Although, for decades, increased serum bilirubin concentrations were considered a threatening sign of underlying liver disease and had been associated with neonatal jaundice, data from recent years show that bilirubin is a powerful antioxidant and suggest that slightly increased serum bilirubin concentrations are protective against oxidative stress-related diseases, such as cardiovascular diseases. Therefore, a better understanding of the gene-diet interactions in determining serum bilirubin concentrations is needed. None of the previous genome-wide association studies (GWAS) on bilirubin concentrations has been stratified by sex. Therefore, considering the increasing interest in incorporating the gender perspective into nutritional genomics, our main aim was to carry out a GWAS on total serum bilirubin concentrations in a Mediterranean population with metabolic syndrome, stratified by sex. Our secondary aim was to explore, as a pilot study, the presence of gene-diet interactions at the GWAS level. We included 430 participants (188 men and 242 women, aged 55–75 years, and with metabolic syndrome) in the PREDIMED Plus-Valencia study. Global and sex-specific GWAS were undertaken to analyze associations and gene-diet interaction on total serum bilirubin. Adherence (low and high) to the Mediterranean diet (MedDiet) was analyzed as the dietary modulator. In the GWAS, we detected more than 55 SNPs associated with serum bilirubin at p < 5 × 10−8 (GWAS level). The top-ranked were four SNPs (rs4148325 (p = 9.25 × 10−24), rs4148324 (p = 9.48 × 10−24), rs6742078 (p = 1.29 × 10−23), rs887829 (p = 1.39 × 10−23), and the rs4148324 (p = 9.48 × 10−24)) in the UGT1A1 (UDP glucuronosyltransferase family 1 member A1) gene, which replicated previous findings revealing the UGT1A1 as the major locus. In the sex-specific GWAS, the top-ranked SNPs at the GWAS level were similar in men and women (the lead SNP was the rs4148324-UGT1A1 in both men (p = 4.77 × 10−11) and women (p = 2.15 × 10−14), which shows homogeneous genetic results for the major locus. There was more sex-specific heterogeneity for other minor genes associated at the suggestive level of GWAS significance (p < 1 × 10−5). We did not detect any gene-MedDiet interaction at p < 1 × 10−5 for the major genetic locus, but we detected some gene-MedDiet interactions with other genes at p < 1 × 10−5, and even at the GWAS level for the IL17B gene (p = 3.14 × 10−8). These interaction results, however, should be interpreted with caution due to our small sample size. In conclusion, our study provides new data, with a gender perspective, on genes associated with total serum bilirubin concentrations in men and women, and suggests possible additional modulations by adherence to MedDiet. Full article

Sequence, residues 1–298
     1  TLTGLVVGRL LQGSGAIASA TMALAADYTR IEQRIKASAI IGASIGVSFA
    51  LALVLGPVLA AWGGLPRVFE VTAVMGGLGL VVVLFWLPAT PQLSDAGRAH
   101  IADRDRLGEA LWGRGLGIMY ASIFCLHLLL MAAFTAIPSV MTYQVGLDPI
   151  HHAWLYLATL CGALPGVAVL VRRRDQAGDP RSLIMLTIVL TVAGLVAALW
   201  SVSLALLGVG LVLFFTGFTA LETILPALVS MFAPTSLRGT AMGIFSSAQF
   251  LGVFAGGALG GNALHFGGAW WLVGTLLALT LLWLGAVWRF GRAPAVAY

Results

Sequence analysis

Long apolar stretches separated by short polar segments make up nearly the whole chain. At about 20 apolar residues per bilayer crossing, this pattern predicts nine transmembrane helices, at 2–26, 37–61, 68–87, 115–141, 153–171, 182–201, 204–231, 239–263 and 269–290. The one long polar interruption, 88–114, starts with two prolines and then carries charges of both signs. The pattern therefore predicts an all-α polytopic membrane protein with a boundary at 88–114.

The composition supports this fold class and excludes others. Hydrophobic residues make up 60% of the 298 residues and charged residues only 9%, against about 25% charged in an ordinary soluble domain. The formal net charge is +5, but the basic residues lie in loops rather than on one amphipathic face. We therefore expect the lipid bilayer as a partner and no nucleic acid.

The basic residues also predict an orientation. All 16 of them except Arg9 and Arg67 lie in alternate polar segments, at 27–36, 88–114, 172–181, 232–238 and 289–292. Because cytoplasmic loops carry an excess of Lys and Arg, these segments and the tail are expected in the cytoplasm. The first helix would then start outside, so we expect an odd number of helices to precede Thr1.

(This article belongs to the Special Issue Gene-Diet Interactions)
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Open AccessFeature PaperArticle Daily Yogurt Consumption Improves Glucose Metabolism and Insulin Sensitivity in Young Nondiabetic Japanese Subjects with Type-2 Diabetes Risk Alleles